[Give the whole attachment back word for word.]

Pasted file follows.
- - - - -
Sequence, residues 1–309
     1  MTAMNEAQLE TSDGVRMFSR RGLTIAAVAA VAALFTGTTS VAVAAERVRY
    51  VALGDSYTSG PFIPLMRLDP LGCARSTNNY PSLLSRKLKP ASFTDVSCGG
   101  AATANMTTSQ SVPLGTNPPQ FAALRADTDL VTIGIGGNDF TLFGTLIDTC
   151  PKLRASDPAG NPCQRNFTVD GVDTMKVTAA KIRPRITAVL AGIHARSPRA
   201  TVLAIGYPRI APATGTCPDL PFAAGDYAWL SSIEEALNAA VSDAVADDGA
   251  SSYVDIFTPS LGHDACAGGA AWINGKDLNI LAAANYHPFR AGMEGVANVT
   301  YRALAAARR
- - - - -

Sequence, residues 1–309
     1  MTAMNEAQLE TSDGVRMFSR RGLTIAAVAA VAALFTGTTS VAVAAERVRY
    51  VALGDSYTSG PFIPLMRLDP LGCARSTNNY PSLLSRKLKP ASFTDVSCGG
   101  AATANMTTSQ SVPLGTNPPQ FAALRADTDL VTIGIGGNDF TLFGTLIDTC
   151  PKLRASDPAG NPCQRNFTVD GVDTMKVTAA KIRPRITAVL AGIHARSPRA
   201  TVLAIGYPRI APATGTCPDL PFAAGDYAWL SSIEEALNAA VSDAVADDGA
   251  SSYVDIFTPS LGHDACAGGA AWINGKDLNI LAAANYHPFR AGMEGVANVT
   301  YRALAAARR